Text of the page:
Bow and Arrow Use Now Restricted in Farmington Hills
A new ordinance limits use of the weapons to an approved range or a homeowner's property, with an artificial target.
Farmington Hills City Council members unanimously approved a firearms ordinance amendment that tightens up restrictions on the use of bows and arrows within city limits.
Though the new rules restricts use of the weapons except on practice ranges or on a homeowner's own property, one resident believes the ordinance did not go far enough.
The new ordinance allows the use of bows in a safe manner, shooting only at artificial targets, and in a manner that prevents arrows from landing on someone else's property. The previous ordinance did not restrict use of bows and crossbows within city limits.
City Attorney Steve Joppich said the draft included language banning "razor tip" arrows, added when the amendment was introduced Aug. 27.
But resident Genevieve Terry told officials, with the exception of police, "no citizen, including sports enthusiasts, should be allowed to shoot with anything." She said "people take advantage of every loophole they can get out of a law" and cited the change in the state fireworks law, which resulted in complaints in Farmington Hills and throughout the state.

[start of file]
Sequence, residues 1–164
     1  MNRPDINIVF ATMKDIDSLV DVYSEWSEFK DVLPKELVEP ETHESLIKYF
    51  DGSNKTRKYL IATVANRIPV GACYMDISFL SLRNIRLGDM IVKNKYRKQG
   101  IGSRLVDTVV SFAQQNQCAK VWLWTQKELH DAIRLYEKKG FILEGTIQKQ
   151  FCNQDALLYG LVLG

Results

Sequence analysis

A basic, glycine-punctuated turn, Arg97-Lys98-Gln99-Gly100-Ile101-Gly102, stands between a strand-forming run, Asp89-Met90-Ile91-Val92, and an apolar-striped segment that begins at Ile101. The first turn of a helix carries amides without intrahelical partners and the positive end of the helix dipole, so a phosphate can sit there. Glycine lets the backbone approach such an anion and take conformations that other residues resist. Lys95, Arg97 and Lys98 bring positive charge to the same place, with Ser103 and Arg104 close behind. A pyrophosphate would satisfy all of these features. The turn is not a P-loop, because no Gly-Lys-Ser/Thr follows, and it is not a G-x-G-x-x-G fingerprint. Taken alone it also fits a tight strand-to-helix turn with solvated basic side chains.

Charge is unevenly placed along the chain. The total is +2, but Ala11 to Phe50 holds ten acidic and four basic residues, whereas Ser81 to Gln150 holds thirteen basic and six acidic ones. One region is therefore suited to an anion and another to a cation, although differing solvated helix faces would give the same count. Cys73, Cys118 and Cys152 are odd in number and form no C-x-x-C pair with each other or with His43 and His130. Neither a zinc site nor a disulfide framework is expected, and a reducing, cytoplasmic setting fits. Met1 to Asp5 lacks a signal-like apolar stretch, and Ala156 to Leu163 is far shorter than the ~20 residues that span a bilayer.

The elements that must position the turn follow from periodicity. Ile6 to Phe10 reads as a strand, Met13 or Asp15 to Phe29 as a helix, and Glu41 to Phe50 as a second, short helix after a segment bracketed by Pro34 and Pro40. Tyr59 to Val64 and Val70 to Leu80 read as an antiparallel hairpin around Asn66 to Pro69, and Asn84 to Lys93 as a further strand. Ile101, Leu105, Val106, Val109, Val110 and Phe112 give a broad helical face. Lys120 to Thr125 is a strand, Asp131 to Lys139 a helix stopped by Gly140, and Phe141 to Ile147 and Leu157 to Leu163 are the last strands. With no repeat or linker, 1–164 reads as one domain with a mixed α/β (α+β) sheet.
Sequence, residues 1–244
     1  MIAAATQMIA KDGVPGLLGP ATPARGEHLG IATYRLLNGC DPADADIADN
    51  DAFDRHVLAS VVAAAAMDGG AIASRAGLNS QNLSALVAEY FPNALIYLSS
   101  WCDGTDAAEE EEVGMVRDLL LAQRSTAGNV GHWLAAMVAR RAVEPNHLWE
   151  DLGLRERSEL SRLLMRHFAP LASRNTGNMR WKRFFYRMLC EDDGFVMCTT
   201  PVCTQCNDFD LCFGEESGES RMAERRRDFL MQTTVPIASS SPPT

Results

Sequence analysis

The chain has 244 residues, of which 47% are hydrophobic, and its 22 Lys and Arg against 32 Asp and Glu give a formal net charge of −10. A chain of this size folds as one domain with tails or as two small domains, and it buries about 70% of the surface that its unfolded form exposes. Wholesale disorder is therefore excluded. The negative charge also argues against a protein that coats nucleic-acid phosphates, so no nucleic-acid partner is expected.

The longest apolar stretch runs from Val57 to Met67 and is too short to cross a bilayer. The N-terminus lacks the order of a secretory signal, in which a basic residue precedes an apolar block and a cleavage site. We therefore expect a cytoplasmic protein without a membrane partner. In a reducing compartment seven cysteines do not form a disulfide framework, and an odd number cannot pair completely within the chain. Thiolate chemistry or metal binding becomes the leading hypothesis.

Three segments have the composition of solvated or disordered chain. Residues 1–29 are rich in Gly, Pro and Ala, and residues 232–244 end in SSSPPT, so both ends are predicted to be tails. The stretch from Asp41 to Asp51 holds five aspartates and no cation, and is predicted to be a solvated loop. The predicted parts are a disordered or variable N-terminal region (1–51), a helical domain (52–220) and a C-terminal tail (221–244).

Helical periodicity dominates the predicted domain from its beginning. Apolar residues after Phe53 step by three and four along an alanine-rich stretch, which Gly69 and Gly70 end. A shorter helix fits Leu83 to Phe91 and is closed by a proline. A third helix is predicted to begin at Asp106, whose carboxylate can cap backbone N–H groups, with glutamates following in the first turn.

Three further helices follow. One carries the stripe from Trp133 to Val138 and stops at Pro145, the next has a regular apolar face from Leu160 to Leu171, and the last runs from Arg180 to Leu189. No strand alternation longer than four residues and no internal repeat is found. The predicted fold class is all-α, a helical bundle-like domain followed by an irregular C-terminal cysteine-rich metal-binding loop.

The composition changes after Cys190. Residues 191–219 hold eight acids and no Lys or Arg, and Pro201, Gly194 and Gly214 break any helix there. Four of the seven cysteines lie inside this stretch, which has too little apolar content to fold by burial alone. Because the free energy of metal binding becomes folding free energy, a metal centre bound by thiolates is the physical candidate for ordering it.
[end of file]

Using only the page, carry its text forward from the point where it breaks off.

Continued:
Terry said banning bows and arrows would protect animals and human beings. The question of banning the use of bows and arrows first came up in November 2011, after residents reported seeing deer injured by arrows in south Farmington Hills neighborhoods.
Council members pointed out that the new ordinance is tougher than what was already on the books.
"Before this ordinance amendment, you could shoot a bow and arrow anywhere in the city," council member Randy Bruce said. "This actually increases restrictions on the use of firearms."
Council Member Richard Lerner noted the city does not have the authority to restrict hunting, which is governed by the Dept. of Natural Resources.
Officials encouraged Terry to read the existing ordinance and compare it to the new rules.
"This law takes it to the limit of what we are allowed to do," council member Ken Massey said.